2. Treating thousands of birds teaches you a thing or two but you have some new material for me here. We did try cinnamon but most birds didn’t care for it. Most love seaweed and it has so much to offer for nutrition, healing and immunity. We’ve found the most effective method of dosing clay is in their water so they’re sure to drink enough with it. They really do love clay in the wild as we’ve witnessed. Rosehip, lavendar and aloe vera powder are also commonly used. One of the best natural remedies for birds is keeping them calm because a stressed bird gets sick almost everytime.

  3. Excellent advice! Birds are much more complex than we used to think and they can live much longer with a little extra consideration.

  4. I make clay licks by wetting montmorillonite clay and shaping it into a disk about 1/4″ thick. I poke a hole in the middle with a straw and leave it there until it dries. Then I remove the straw and I can hang it in her cage — she loves it!

  5. I’m going to add some of your suggestions to my herbal mix. Our chickens had chronic feather problems before I discovered herbs and they don’t every have them now.

  6. Fancy chickens can be expensive so we care for them like any investment. We want them to live and breed for a long time and it’s important they produce the best quality chicks. They don’t require much of each supplement so it really isn’t that expensive to give them an extra boost. I’m sure it saves us money in the long run.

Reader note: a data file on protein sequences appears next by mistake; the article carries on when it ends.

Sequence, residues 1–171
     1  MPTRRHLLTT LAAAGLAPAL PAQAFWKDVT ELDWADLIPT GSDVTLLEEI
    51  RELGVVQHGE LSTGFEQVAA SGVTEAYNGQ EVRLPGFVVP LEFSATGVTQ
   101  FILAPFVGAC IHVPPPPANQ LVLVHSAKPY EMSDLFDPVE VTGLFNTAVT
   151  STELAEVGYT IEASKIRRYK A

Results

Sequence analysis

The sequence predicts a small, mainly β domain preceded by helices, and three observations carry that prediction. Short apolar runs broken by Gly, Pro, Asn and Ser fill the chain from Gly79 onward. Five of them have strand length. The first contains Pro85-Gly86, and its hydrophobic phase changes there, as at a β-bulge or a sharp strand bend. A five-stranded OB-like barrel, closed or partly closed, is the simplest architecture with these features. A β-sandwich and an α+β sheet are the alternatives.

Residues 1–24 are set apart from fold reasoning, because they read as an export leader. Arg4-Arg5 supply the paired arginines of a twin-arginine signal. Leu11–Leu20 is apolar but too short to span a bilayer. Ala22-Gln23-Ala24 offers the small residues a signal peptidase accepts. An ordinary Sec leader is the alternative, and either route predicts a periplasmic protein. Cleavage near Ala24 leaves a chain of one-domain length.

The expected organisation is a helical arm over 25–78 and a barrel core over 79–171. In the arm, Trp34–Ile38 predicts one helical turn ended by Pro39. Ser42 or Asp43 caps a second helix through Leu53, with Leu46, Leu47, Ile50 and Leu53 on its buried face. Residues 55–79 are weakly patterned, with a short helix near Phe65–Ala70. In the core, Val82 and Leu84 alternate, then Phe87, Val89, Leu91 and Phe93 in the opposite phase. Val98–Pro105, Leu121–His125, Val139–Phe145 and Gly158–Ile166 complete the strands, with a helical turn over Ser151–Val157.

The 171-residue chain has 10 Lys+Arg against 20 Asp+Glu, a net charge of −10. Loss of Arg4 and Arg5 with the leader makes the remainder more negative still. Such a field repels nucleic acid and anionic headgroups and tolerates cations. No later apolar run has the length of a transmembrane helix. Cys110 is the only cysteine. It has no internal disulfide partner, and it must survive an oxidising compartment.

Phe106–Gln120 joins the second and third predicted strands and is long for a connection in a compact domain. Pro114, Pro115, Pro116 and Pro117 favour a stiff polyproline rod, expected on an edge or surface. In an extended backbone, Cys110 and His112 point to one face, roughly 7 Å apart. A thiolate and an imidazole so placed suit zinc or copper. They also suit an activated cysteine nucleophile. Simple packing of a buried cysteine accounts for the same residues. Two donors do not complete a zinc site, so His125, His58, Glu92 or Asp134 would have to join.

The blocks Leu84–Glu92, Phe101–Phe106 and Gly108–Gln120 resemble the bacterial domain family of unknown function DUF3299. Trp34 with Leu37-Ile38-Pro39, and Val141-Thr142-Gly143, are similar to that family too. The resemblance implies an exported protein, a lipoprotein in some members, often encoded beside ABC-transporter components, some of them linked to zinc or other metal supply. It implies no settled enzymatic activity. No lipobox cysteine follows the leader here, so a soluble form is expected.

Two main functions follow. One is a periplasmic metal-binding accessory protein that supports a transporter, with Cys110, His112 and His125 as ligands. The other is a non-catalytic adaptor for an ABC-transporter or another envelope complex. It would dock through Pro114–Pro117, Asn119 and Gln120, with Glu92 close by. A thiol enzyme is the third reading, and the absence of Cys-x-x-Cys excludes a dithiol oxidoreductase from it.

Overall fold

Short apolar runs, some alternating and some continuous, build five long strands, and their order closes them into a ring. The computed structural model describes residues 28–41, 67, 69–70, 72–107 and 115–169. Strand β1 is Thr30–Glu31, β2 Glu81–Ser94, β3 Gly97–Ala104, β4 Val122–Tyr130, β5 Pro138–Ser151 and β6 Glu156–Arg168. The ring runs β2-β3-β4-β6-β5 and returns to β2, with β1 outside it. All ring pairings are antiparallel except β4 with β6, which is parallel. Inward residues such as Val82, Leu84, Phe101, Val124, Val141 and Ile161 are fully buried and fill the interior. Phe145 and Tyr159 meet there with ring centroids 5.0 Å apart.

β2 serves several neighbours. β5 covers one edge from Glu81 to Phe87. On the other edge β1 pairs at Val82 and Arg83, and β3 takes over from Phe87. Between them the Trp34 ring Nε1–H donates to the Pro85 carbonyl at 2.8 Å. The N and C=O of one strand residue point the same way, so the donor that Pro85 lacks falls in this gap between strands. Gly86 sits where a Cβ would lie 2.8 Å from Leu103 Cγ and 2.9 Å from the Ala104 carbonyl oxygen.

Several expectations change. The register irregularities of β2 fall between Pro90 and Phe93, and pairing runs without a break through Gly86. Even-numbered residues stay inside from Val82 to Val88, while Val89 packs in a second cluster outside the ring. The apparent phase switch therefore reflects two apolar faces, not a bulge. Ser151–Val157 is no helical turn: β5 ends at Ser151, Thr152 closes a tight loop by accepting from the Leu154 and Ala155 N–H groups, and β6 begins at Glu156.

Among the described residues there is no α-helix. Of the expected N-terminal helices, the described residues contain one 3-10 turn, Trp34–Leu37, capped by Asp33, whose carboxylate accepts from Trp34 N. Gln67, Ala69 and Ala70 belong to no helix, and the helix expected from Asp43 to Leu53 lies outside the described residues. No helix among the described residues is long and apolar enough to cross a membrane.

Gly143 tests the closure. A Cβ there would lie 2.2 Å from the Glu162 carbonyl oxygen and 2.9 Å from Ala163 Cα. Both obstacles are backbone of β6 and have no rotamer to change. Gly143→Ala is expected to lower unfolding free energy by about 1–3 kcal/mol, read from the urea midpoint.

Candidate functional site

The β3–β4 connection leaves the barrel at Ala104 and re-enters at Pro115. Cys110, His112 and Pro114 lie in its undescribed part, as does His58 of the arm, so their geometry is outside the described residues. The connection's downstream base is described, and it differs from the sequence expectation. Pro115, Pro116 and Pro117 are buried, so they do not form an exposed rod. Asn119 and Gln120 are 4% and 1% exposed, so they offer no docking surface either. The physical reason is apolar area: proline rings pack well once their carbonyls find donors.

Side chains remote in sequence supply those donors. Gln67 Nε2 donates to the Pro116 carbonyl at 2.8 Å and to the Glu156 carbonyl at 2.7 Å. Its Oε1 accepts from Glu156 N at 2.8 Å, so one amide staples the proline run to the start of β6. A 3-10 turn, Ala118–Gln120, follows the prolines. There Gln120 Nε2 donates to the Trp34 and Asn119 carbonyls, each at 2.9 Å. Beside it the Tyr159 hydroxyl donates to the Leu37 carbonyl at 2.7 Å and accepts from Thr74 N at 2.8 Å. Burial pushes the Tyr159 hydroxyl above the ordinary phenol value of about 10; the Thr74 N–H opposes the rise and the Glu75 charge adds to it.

7. We’ve had a variety of birds over the years and they always do better with supplements and natural food. Our choices are pretty basic like grinding up eggshell for them, but it all helps.

  8. I collect rare breeds of chickens and keeping them in top condition is very important, especially since they’re breeding. I already use about half of the supplements you suggested and I’m willing to try a few more if that’s what it takes.

  9. I have chickens, a cockatiel, 4 budgies, and geese in the summer. I’ll do some reading and then whip up some treats for them. I’m almost out of clay (the bag lasted for over a year) so I’ll get an order in. Thanks girl!

  10. WOW!!! I’ve only heard of a few of those. You’ve made some birds and chickens very happy over here. 🙂